American Elm

Posted by shane - December 15, 2014 - A-Z Plant Maintenance, Trees - No Comments

60-yr old elms in Red Deer, AB. S. LePage photo.

American Elm – Ulmus Americana

‘Brandon’ Elm – Ulmus Americana ‘Brandon’ (shorter than U. americana and more broad-headed crown)

‘Patmore’ Elm – Ulmus Americana ‘Patmore’ (tall, upright vase-shape.  Suitable for smaller sites)

American elm is my favorite shade tree for my region.  Rated at zone 2, it is the toughest shade tree that will not only survive, but thrive in our area.  American elm has a distinctive vase-shaped crown, very hard, dense wood, and a thick leafy crown.  Despite its attractive form, however, it has a few potential problems.  In Southern Alberta, European elm scale is a big problem, and has left many elms dead, and thousands are in dire health.  Dutch elm disease (DED) has killed countless thousands of trees in North America, and while we haven’t had to deal with it in Alberta, it may be inevitable that it shows up.  The scale problem is so bad in Calgary, that when people ask me about the threat of DED, I usually tell them not to worry, because the elm scale will likely finish off our elms before Dutch elm disease even gets here!  I have been reluctant to plant new elms for the past few years, but have decided to once again use them in landscaping.  We have effective treatments to manage European elm scale and DED, and I’m prepared to use those treatments on a regular basis for the pleasure of having healthy, majestic elms in our urban landscapes.


Full Sun

When to Prune

October 1st to March 31st, to prevent the spread of Dutch elm disease.

Structure and Pruning

Elm is one of a few species that, left to its own devices, often develops poor structure.  Proper structural training after planting and for the first several years is important, if not critical, to develop strong branch attachments.  I recently planted a #15 potted elm in my front yard.  It needed about 4 small pruning cuts after planting to start the process of proper training.  With elm, the main goal is to develop a strong central leader.  We accomplish this by subordinating – reducing the length of – co-dominant branches.  This sounds fancy but really its just a matter of being aware of two competing leaders and either removing one or cutting one back so that the tree recognizes the uncut branch as the true leader of the tree.  This is a technique that has not been in use long enough for us to see the results on most mature elms.  The majority of street tree elms we see today have major co-dominance issues, and as a result have developed structural problems, such as included bark, at the branch attachments.  A properly pruned elm will become a strong mature tree that will require little maintenance and will resist storm damage.

Most often, I get the call to work on elms once they are mature, and they have either not had any pruning, or very poor pruning, over the years.  If they have had no pruning, there is little I can do to change the structure of a mature elm.  All I can do is manage the appearance of the tree by removing dead and diseased wood, and improve its safety by reducing poorly attached or over-extended limbs.  Due to structural problems, it is often necessary to install bracing systems into mature elms, such as bolts and synthetic cables, to prevent branch failure in severe weather.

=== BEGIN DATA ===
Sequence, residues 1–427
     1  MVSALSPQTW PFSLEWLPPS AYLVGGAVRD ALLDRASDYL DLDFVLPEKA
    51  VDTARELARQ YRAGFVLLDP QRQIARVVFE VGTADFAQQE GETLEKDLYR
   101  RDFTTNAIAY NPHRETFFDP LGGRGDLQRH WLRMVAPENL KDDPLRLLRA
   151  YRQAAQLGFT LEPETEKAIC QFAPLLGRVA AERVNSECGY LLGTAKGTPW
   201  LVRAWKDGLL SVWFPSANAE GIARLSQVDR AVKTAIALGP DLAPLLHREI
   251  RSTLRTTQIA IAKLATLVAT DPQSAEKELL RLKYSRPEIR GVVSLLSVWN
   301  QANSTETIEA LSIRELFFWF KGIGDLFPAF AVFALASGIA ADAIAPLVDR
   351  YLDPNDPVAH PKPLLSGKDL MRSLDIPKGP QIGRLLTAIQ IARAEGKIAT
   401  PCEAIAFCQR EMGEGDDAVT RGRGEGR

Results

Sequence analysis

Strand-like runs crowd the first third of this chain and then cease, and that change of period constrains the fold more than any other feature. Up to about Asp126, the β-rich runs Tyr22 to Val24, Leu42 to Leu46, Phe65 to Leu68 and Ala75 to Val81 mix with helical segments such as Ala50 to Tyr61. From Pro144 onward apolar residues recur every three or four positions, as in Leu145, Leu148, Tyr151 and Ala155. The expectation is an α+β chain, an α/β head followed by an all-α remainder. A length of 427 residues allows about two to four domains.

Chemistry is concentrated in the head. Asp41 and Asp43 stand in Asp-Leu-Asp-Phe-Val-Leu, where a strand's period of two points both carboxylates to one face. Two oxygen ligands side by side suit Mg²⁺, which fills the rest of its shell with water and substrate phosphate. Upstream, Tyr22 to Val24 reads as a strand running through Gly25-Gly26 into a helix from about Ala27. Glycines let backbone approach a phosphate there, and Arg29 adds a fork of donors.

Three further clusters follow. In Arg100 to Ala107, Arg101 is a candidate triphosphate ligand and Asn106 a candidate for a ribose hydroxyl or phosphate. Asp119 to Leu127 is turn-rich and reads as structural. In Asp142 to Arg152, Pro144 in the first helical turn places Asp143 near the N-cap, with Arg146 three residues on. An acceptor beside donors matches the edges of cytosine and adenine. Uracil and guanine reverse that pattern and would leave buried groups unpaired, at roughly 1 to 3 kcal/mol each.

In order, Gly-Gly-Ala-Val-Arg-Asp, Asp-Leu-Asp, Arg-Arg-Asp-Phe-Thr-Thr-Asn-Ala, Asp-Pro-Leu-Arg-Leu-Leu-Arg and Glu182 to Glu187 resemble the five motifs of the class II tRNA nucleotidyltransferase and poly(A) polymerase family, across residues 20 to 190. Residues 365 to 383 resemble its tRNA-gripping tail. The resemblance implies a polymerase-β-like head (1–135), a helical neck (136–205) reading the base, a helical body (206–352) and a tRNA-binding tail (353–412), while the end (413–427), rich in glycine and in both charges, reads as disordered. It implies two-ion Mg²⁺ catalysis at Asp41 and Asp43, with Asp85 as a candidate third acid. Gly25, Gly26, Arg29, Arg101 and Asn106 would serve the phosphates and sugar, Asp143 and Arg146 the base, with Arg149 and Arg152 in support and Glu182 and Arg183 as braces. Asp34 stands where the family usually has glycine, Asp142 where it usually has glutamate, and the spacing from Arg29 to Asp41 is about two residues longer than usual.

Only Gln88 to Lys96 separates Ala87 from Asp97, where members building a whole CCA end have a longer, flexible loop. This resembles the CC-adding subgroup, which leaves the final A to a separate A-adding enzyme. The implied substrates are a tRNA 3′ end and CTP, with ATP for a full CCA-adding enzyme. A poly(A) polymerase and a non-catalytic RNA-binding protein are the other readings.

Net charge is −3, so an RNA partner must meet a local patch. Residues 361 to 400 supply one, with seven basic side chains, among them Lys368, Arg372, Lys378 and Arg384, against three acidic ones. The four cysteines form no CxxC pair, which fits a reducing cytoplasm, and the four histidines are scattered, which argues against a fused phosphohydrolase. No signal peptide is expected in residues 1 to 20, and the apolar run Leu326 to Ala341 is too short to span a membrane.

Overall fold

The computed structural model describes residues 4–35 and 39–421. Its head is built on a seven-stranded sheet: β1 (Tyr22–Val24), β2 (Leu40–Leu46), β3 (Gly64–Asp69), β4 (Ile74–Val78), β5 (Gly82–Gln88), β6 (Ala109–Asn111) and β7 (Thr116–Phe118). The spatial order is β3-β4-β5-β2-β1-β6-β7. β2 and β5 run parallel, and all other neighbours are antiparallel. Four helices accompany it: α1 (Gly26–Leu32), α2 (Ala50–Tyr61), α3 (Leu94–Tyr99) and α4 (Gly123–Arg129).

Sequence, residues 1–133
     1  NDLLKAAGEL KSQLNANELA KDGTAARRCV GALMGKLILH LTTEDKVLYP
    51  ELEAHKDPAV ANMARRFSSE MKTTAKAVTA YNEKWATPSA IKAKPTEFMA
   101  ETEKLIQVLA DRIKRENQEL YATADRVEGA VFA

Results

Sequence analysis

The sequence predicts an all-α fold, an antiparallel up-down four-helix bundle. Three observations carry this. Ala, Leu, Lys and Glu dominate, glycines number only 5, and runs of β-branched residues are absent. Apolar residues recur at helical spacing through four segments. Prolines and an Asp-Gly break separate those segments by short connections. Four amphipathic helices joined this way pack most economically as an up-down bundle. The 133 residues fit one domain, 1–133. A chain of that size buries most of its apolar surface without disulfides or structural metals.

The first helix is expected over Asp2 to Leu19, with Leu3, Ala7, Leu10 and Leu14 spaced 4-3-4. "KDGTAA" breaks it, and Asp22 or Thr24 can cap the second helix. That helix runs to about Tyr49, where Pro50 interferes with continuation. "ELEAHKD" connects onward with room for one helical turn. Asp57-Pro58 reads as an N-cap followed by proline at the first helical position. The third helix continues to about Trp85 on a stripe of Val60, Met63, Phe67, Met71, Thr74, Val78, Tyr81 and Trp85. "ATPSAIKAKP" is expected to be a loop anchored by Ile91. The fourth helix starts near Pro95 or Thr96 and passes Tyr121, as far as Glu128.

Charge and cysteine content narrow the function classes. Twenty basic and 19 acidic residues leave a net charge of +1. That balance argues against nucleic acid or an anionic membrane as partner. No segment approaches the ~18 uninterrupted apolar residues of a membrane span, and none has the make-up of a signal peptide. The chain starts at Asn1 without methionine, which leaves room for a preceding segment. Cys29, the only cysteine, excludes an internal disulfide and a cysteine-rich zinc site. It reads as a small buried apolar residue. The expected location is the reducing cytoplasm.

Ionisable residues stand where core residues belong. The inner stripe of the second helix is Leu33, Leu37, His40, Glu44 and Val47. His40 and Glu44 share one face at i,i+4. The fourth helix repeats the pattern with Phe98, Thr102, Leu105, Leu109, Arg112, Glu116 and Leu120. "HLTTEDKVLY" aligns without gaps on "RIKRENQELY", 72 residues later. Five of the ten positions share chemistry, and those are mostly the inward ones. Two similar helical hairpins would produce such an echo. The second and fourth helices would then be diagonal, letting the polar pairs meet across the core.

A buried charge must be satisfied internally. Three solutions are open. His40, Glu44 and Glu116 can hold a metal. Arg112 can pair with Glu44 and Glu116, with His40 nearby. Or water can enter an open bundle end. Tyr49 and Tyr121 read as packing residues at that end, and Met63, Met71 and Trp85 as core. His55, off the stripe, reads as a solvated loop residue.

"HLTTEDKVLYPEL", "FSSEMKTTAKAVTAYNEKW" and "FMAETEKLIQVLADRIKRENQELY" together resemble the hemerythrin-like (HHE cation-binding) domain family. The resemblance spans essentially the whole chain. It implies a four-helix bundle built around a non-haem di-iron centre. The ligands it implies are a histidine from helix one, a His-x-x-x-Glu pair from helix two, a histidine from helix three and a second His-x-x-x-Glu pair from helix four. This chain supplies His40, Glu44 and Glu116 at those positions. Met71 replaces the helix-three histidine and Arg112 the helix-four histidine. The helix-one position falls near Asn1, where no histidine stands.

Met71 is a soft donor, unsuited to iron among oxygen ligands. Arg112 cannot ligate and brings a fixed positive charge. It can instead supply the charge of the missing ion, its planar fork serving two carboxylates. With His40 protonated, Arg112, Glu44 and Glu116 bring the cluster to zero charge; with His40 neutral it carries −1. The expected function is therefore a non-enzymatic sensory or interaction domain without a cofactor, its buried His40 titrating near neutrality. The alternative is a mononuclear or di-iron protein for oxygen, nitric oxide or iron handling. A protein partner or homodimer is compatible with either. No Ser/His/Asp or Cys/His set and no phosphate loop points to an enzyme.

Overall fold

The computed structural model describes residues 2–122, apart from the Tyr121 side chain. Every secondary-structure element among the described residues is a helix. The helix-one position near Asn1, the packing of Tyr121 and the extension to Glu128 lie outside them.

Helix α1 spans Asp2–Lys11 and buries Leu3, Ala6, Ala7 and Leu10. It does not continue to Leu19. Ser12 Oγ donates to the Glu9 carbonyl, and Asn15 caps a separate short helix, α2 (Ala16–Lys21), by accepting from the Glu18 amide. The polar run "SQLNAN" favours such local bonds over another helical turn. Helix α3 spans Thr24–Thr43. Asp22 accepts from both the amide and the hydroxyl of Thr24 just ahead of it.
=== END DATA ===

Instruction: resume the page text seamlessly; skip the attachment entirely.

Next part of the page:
Poorly structured mature elm with several main trunks originating from same point on trunk. S.LePage photo 2014.

Poorly structured mature elm with several main trunks originating from same point on trunk. S.LePage photo 2014.

Health and Appearance

Remove dead, diseased, and damaged wood from the crown periodically to keep the elm looking healthy.  On newly planted trees, I always install a mulched area around the tree to prevent competition from weeds and grass.  Generally, as my specimen shade tree gets larger, I extend the mulched area each year or two, and may then begin to under-plant the tree with a shrub or two, or perhaps some perennials.  Water is important, and a mulched bed is the most important thing any tree-owner can do to conserve moisture in the root-zone and prevent drought stress to the tree.  Fertilization is unnecessary unless the tree shows specific nutrient deficiencies.

Crown Reduction

Many people express concern that their elm is too tall and are worried about their safety should the tree fail.  The most common homeowner suggestion is that we top the tree and make it smaller.  As with most trees, and shade trees in particular, topping is inappropriate and will lead to much bigger problems later.  If the tree has poor structure and is getting very large, we can assess the tree as a potential hazard.  All it may need is some reduction pruning to properly shorten a few over-extended or poorly attached limbs.  Or, we may need to install a bolt and cable.

Elm tolerates hard pruning and I regularly restore trees that were mutilated by topping.  On occasion, I perform a crown reduction every two to three years and completely reshape the tree. This practice is very high maintenance and costly, only recommended if the tree was topped, but is still highly valued in the yard and removal is not an option.

Roots and Foundations

The belief that roots attack foundations is largely a myth, especially on the Prairies where soil moisture is low and most of the roots grow in the top few inches of soil.  That being said, I wouldn’t consider planting a large shade tree within 20-25 feet of the foundation, because studies have shown that in cases where roots have affected foundations, the majority of the cases occurred within 25 feet of the house.  But the main reason to plant a large tree far from the dwelling is so it has room to grow without interference or the need for radical pruning as it gets older.

(c) 2014 Shane LePage, Wild Rose Garden & Tree Service Inc., Red Deer, AB.